Bushfire first aid for animals
Pet owners can play their part in reducing the number of animals who will require veterinary help. Each family should prepare a Bushfire Survival Plan for the entire household and included in that will be your Pet Evacuation Plan and Relocation Pack.
Make sure that your pets are microchipped (It’s not just dogs and cats that can be microchipped, you can also register guinea pigs, ferrets, larger birds and reptiles.) Your dog should also wear a collar identification tag at all times, and of course make sure the contact information is current.
Pet Bushfire Relocation Kit
Put together a pack with the following items:
- Non-perishable food and water
- A bowl for each pet
- Spare collars and leads for each dog
- A carrier for cats and smaller pets
- Bedding, old towels and a woollen blanket
- A pet first-aid kit (see below) including any medications (along with a written list of what they are), your vet’s contact details; and your pet's medical history, including proof of vaccination.
Where’s the pooch?
Communication is vital in any emergency, so make sure your neighbours, family and friends know your evacuation plan. Inform them if you decide to evacuate your dog early to boarding kennels or other temporary accommodation outside of the danger zone, so that no one unnecessarily goes searching for your pet.
On high risk days, if you are going out, decide whether to take your animals to a safer location before leaving home, because if a fire gets started you may not be allowed back for some time. Remember, on Code Red days the safest place for all of you to be is away from high-risk bushfire areas.
If you are home, shut your pets inside the house so that they are close by. If the situation deteriorates, confine them early. Pets are safest inside a secure room such as a bathroom or laundry with plenty of food and water. Make sure you have wet towels and woollen blankets available to cover and protect your pets. Importantly, practise how you will move your pets if you leave. It takes longer than you think.
After the fire
Hopefully, after the fire you and your dog will simply return home and return to normal life. Keep an eye on your dog, particularly if you have come face to face with the blaze. The severity and extent of burns and smoke inhalation may not become apparent for up to two weeks. Remember that dogs tend to mask their pain – it’s a survival instinct that protects them from being singled out as the weakest member of their pack – so if an animal has been exposed to fire or smoke, please get them checked by a vet.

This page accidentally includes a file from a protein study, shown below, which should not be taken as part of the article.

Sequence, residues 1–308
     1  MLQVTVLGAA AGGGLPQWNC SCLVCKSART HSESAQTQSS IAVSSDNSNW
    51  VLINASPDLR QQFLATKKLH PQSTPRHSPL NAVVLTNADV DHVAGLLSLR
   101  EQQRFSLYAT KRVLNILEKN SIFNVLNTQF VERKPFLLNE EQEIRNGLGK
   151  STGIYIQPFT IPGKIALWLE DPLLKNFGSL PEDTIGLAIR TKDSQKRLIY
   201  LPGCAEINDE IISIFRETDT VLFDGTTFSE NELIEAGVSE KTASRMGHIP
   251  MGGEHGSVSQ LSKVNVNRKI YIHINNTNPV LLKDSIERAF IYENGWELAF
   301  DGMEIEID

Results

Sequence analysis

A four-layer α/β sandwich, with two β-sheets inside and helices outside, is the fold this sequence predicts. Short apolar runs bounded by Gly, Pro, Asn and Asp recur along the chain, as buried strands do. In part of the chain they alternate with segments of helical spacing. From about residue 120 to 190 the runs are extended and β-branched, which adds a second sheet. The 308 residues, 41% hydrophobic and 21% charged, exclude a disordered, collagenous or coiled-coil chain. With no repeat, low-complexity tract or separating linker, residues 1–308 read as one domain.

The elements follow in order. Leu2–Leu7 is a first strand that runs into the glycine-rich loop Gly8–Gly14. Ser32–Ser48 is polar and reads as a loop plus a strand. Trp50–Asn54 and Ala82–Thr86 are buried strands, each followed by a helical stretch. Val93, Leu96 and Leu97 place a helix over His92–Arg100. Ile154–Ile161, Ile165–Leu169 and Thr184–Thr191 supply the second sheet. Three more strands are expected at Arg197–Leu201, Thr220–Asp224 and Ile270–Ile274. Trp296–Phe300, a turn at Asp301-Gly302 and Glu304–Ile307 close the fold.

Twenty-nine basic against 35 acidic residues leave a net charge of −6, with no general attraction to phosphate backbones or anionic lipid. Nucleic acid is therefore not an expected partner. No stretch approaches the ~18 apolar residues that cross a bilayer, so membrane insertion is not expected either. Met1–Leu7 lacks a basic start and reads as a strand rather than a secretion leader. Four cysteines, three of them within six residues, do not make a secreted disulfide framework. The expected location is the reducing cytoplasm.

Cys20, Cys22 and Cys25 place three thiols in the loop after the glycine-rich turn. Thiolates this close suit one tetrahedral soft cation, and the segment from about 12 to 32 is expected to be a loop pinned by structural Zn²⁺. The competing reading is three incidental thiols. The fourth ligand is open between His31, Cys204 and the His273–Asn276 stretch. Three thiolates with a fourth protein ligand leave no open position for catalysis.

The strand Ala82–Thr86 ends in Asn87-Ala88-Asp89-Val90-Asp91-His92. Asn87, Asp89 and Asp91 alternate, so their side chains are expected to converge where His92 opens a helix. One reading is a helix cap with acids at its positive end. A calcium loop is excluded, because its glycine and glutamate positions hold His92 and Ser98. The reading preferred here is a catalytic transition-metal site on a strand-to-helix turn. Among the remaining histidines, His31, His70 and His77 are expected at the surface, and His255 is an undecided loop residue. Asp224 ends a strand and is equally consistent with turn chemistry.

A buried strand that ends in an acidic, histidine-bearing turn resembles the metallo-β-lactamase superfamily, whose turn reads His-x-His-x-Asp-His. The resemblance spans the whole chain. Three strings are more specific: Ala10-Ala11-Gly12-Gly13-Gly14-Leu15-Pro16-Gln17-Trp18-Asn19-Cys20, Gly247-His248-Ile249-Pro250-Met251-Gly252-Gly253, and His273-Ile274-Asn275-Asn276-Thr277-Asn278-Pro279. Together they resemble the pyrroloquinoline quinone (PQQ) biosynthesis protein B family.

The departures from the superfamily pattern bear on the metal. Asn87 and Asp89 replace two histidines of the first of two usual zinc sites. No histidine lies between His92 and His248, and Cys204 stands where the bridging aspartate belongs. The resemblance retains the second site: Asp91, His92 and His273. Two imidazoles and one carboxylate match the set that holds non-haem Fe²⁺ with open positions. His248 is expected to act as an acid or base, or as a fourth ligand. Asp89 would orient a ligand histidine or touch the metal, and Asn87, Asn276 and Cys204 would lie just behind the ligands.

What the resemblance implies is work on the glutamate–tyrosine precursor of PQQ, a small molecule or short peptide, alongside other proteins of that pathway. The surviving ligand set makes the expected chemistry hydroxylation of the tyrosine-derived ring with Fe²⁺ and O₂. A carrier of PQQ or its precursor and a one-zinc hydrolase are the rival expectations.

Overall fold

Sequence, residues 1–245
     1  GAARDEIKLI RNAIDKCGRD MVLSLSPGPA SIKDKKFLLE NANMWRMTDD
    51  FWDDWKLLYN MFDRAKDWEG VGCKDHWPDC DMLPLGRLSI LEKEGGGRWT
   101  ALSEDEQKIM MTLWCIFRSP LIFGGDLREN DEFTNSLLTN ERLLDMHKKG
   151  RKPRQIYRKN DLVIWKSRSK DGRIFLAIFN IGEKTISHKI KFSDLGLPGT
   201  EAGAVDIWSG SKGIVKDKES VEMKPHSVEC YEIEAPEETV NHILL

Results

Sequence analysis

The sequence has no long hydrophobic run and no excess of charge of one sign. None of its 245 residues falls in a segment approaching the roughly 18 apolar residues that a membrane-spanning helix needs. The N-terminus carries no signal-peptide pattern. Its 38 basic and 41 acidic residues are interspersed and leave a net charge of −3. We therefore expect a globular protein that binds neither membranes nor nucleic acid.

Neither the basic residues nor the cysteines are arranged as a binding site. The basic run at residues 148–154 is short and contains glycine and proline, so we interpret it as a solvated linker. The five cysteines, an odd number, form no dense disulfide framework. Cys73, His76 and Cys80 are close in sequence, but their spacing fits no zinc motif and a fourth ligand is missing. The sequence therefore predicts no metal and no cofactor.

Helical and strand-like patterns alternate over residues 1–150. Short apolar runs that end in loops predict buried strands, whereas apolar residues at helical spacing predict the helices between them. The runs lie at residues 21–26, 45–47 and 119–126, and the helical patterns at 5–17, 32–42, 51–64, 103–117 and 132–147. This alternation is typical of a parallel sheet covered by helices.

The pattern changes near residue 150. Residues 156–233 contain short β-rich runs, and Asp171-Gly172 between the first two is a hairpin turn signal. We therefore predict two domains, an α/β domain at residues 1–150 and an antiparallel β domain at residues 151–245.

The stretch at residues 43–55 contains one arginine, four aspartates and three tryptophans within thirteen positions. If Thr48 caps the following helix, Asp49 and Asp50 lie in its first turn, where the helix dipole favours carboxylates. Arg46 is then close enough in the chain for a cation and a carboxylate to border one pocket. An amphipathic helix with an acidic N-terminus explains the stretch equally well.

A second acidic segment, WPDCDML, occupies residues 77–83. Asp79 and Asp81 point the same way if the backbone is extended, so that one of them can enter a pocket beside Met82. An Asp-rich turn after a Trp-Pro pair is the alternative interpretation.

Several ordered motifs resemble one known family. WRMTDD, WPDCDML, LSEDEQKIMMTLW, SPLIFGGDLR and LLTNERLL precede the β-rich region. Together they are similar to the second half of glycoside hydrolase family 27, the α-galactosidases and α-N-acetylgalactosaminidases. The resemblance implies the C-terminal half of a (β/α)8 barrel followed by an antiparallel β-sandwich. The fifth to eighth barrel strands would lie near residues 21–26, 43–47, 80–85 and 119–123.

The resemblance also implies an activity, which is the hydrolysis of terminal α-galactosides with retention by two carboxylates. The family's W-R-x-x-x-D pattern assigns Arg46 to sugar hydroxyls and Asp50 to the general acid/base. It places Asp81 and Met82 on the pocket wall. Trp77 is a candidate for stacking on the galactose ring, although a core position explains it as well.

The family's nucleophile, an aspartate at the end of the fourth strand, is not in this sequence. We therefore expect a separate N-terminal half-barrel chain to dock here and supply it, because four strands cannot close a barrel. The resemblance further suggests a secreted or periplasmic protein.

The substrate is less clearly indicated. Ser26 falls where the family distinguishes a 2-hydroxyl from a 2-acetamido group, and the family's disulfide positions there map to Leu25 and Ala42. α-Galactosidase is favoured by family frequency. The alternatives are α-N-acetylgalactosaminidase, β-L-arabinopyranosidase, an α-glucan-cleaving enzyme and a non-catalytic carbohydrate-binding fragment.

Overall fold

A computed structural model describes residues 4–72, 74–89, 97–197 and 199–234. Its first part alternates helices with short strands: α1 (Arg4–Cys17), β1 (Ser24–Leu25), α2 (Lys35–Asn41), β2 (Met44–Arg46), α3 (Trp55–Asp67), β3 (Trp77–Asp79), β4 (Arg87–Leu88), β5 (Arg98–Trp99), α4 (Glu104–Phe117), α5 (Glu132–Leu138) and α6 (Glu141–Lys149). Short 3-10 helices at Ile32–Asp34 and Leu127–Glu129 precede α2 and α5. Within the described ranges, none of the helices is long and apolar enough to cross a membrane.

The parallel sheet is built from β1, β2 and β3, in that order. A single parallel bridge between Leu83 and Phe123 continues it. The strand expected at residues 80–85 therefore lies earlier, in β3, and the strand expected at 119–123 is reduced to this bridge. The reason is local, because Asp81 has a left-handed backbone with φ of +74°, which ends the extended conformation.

Watch for signs of:
- Nocturnal animals out during the day – especially tree dwelling species being on the ground.
- Panting, lethargy, disorientation.
- Singed fur and burnt paws or feet.
If a native animal appears to have been affected by fire or smoke, please call Wildlife Victoria’s emergency phone service 1300 094535 for advice . If you are unable to get help and the situation is urgent, used a towel or blanket to pick up the animal, secure it in an airy, cool carrier and take it to your nearest vet.
First Aid Kit for pets
Keep in mind not everything that works on humans is suitable for dogs and never administer human drugs or prescriptions without first checking with your vet.
Start by getting a waterproof kit container and write on it in waterproof ink, the phone numbers for your vet, the closest emergency animal hospital, the RSPCA and your local council rangers. Also list your own name, address and phone numbers. Include inside:
- Any medications (along with a written list of what they are) and your pet's medical history, including proof of vaccination
- First Aid guide and CPR instructions (or better yet take a course)
- Latex or nitrile exam gloves - for the protection of both you and your pet
- A muzzle fitted for your own dog – even the most placid animal may bite if injured and frightened - and a triangular bandage to use as a spare
- Blunt-ended scissors
- Saline water to wash out any wounds
- Antiseptic wash or wipes - look for non-stinging preparations such as chlorhexidine or betadine. Rubbing alcohol is not good for open sores or wounds.
- Gauze rolls (for bandaging, stabilizing joints, making a muzzle) and swabs
- Non-adherent bandages
- Adhesive tape
- Vet Wrap - this is a conforming wrap used over bandages that comes in a variety of colours and sizes. It clings to itself and is semi-watertight. Make sure you don’t wrap it too tightly – it’s best to unwrap it from the roll, then use it for the bandage with very light tension. Ask your vet which would be most suitable for your pet
- Dog booties or little socks (to cover wounded paws)
- Sterile eye wash and eye lubricant (available at your vet clinic)
- Alternatively, purchase a ready-made kit such as a St Johns pet first aid kit